Today is the day. The new website Sitting Buddha Hermitage is now up and running and as of today I shall be posting all new information to the new site, including this blog. So if you have an RSS feed set up for Field of Merit Blog you will need to set up a new one for Sitting Buddha Hermitage Blog if you would like to continue to receive these blog posts.
As a bit of background: Field of Merit is the project launched in July 2012 by Rev. Mugo and me to gather support and raise funds to purchase property for the founding of a small rural retreat in the UK for practitioners of Soto Zen Buddhism that would offer a number of individual hermitages for short or extended retreats. The project eventually evolved into its present form, which is in a rented, rather than purchased, property and with one monk (me – Alicia) resident and offering one retreat caravan, a guest room in the house, and a meditation shrine for individual day retreats. I moved into this property in February 2014 and named it Sitting Buddha Hermitage.
Field of Merit remains the name of the associated charity. In time that may change, but for the time being it seems to work fine and it is not uncommon for a charity to have a different name from the actual enterprise.
This website, Field of Merit, will remain accessible so that people can read about the first two years of the project, but the site will no longer be updated with new information.
Moving to Sitting Buddha Hermitage was a significant step for this project, and for me personally, and the transition to the new website feels like another milestone. I sincerely hope that you will follow the project to the new website with me and that I will one day welcome most, if not all, of you to the actual physical Hermitage. I remain immensely grateful to everyone for helping the project to get this far and for your continuing support.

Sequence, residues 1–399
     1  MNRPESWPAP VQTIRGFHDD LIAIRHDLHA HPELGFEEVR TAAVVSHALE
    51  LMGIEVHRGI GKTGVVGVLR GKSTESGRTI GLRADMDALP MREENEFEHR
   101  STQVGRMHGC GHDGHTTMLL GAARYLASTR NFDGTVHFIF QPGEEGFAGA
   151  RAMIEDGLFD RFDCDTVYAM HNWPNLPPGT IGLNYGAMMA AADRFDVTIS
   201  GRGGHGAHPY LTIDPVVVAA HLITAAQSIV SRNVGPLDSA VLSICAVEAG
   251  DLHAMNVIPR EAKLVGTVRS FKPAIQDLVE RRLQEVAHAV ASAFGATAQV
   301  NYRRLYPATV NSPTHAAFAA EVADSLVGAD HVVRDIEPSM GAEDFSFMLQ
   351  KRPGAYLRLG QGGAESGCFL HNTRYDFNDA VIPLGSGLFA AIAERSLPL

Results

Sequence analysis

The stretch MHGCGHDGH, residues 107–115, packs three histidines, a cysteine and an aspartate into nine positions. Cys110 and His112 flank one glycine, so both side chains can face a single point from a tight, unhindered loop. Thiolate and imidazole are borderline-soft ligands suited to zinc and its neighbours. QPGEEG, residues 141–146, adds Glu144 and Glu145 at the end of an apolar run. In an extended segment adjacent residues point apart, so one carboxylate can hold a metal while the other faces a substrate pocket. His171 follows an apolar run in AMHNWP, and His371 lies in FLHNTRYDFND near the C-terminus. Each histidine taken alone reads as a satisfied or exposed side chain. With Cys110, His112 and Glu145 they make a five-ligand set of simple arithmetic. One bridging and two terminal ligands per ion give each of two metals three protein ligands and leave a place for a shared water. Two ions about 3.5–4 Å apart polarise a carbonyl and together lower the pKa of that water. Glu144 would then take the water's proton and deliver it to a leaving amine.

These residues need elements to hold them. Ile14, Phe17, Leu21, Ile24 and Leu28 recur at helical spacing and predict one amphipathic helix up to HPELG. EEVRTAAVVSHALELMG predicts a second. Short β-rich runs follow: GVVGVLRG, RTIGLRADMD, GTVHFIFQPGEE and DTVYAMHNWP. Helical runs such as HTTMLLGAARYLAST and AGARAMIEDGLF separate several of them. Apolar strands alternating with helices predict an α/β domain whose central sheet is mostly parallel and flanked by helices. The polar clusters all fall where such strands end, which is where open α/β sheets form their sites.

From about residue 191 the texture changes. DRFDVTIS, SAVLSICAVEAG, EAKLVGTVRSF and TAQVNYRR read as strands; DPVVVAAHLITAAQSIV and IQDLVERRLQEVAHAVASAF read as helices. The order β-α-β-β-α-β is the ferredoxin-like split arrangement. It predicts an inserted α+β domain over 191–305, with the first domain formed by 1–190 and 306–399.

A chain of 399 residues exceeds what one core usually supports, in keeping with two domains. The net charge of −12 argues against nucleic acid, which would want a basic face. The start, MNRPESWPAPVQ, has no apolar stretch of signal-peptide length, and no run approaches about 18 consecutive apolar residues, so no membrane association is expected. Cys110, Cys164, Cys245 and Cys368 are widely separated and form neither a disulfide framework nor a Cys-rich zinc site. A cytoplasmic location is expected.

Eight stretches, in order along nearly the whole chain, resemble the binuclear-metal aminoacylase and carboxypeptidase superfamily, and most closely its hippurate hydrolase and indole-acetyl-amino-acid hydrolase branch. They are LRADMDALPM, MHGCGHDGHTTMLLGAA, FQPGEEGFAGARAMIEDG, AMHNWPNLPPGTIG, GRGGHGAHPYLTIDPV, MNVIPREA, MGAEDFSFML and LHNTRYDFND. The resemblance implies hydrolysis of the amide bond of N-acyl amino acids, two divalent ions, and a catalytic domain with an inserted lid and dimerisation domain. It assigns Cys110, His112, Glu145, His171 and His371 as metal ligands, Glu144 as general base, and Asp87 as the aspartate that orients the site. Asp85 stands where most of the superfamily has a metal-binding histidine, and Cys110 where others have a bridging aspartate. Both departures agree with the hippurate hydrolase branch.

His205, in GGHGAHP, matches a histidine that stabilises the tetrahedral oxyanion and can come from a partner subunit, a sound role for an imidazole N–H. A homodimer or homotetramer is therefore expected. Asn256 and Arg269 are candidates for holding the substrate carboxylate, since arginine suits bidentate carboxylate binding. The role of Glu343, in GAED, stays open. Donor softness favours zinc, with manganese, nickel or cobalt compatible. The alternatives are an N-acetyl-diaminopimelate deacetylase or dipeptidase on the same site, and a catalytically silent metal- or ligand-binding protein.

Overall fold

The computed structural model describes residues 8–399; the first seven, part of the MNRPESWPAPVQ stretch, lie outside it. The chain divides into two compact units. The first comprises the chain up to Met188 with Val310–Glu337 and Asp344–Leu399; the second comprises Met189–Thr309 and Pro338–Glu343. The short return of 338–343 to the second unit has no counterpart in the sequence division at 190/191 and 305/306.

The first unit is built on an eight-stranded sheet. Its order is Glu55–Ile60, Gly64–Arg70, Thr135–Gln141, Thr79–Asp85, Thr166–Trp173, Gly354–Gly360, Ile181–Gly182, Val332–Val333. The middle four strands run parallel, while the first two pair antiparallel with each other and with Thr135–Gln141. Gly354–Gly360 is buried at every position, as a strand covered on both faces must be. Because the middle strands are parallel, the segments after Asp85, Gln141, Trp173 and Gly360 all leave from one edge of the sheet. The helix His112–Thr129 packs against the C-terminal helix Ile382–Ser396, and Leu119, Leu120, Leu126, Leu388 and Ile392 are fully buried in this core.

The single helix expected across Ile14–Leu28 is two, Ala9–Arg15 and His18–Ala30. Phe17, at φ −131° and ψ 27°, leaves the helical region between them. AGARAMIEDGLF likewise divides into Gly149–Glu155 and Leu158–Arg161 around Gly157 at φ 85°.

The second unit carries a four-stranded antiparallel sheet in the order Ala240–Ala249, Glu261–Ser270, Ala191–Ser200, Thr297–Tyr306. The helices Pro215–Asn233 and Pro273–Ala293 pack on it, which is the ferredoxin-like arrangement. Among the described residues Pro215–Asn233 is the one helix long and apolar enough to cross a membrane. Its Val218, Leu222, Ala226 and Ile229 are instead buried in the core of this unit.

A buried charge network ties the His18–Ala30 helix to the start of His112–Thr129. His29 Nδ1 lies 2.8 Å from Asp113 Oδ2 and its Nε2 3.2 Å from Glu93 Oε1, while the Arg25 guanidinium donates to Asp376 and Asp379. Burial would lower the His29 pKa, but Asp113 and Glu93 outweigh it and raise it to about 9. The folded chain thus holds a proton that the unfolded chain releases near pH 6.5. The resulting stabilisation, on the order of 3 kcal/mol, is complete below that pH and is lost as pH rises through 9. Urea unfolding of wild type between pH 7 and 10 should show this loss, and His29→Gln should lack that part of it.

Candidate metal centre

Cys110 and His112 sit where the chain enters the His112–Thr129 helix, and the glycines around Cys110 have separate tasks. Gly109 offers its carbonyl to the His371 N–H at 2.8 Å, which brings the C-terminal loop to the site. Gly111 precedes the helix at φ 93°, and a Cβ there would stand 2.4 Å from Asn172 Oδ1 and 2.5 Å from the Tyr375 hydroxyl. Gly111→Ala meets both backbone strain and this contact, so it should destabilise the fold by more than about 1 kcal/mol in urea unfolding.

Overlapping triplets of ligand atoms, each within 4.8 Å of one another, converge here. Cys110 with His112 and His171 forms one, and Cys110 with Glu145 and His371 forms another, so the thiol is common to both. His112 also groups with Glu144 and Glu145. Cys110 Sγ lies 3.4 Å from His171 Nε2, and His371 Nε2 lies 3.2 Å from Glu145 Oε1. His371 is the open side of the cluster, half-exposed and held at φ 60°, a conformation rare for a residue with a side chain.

I have been beavering away at a new website for Sitting Buddha Hermitage and I would like to invite you to a preview by clicking here. The Field of Merit website will remain accessible so that people can read about the first two years of the project, but once I switch to using the new site (technically a subdomain) I will direct people towards it and be posting to the new blog.
So please do have a look around the fledgling Sitting Buddha Hermitage site and if you have any comments or suggestions for improvement I’d love to know – you can either comment here or use the contact form on either site.
Oh, and I heard this week that the lake here is going to be stocked with fish – carp and gudgeon to keep the water clean and some goldfish to look pretty – around 40 fish in all. Arriving in a couple of weeks. Won’t that be fun!
I spent the morning fitting a piece of carpet in the summer house and installing a Kanzeon altar.
So this is now the Kanzeon shrine and it is available to anyone who would like to come and make their own silent day retreat here. Just give me a ring on 01629 821813 or use the contact form to let me know when you’d like to come so that I can confirm that the date is suitable and let you know how to get here. You can bring your own lunch and use the kitchen facilities. The shrine has electricity and a heater if needed. The path around the lake is great for walking meditation. I simply ask that you leave a small donation towards the upkeep of the Hermitage.